Whatever the pit may have been, it was uncomfortable, dark and wet. It was impossible to get out of that pit without someone else’s help.

Maybe you feel you are in a pit of  helplessness, desperation and hopelessness. The pit is any experience that makes you feel miserable or threatens your life. In sincerity the Psalmist cried out to God who rescued him from the pit.

The second image is that of a Solid Rock. When you are in a muddy pit, there is no secure footing. If you cannot stand up, you cannot escape. Furthermore, when you are in a swamp, the more you move, the deeper you sink. You are stuck! The psalmist likened the Lord’s rescue plan to that of standing on a solid rock that is immovable and is a firm foundation for one’s life.

The third image is that of a New Song. When the ancient Israelites were rescued from Egyptian bondage, they sang the Song of Moses. At the time of Christ’s second coming, that marks the consummation of the plan of salvation, the redeemed of all ages will sing the Song of the Lamb.

When we were sinking in the slimy pit of sin, Jesus extended His hand and saved us from our predicament. Then the Rock of Ages (Jesus) urges us to build our lives on Him. Whenever we respond to the Savior’s call, we are given the ability to sing and rejoice.

 

 

 

September 3, 2017

 “Making an Impact Through Unselfish Service”

Acts 9:36

 

In today’s scripture we meet a woman who lived at the seaside city of Joppa who had made an enormous impact on her community by “always doing good and helping the poor” by making robes and other clothing. When this story took place, there were few people in that society who were more destitute than widows. They were usually considered the neediest people in society. They could hardly feed themselves and their children, let alone buy other things they needed. Dorcas stepped in to help fill that great need in society. Let’s see how this scripture can speak to us today many centuries later.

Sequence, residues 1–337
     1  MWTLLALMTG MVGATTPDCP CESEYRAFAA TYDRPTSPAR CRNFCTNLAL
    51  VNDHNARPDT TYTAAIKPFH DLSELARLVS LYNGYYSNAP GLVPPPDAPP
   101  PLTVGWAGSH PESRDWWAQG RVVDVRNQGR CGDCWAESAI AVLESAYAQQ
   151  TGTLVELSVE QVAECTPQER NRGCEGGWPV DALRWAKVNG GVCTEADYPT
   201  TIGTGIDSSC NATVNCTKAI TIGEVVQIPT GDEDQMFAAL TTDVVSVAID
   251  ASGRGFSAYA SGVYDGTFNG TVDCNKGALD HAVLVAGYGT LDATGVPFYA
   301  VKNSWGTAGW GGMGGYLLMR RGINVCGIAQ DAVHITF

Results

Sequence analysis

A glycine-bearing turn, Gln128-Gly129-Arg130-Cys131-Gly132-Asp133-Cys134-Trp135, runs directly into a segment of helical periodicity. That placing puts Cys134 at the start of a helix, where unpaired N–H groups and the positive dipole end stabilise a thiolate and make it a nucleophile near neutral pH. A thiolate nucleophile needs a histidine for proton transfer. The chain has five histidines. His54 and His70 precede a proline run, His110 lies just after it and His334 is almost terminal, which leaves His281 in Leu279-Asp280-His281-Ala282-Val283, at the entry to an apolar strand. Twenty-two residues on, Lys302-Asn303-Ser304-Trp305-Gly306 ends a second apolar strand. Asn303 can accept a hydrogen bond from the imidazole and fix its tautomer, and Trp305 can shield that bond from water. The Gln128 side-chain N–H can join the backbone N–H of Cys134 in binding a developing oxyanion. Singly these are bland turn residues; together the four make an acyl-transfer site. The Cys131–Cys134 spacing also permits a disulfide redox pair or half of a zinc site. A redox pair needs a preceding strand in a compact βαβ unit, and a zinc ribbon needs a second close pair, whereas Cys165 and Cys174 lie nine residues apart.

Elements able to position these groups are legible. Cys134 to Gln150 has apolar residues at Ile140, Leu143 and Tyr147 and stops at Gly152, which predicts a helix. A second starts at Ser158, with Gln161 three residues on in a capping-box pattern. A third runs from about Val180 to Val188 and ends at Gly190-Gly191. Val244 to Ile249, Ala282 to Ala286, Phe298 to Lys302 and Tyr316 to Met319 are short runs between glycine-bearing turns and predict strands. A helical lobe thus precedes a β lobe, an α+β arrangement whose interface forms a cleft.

Dorcas was a disciple of Jesus Christ. A little while before this time, the Christians were being persecuted in Jerusalem; and as a result, believers were scattered throughout the regions of Judea and Samaria. Scripture tells us that these believers--”those who were scattered went everywhere preaching the Word” (Acts 8:4).

Maybe Dorcas heard the Word from one of those scattered believers, or from the Apostle Peter who visited the city from time to time and stayed at the home of Simon the tanner. At any rate, she became a believer and a devoted follower of Jesus--a disciple.

She displayed her love for Christ in very practical ways. Scripture tells us that she was “full of good works and charitable deeds.” “Good works” is a phrase that speaks of general acts of kindness to people, but “charitable deeds” is more specific and has to do with acts of mercy that relieve the burdens of the poor and needy. These specific acts of mercy to make life better for these destitute widows was making clothes for them. Dorcas was continually at work meeting the pressing needs of those around her. She didn’t just do these things in a half-hearted manner, but she was filled with such deeds. Apparently she loved to sew and was good at it. She didn’t just do these charitable deeds once in a great while, but was always working on some project. It was her lifestyle.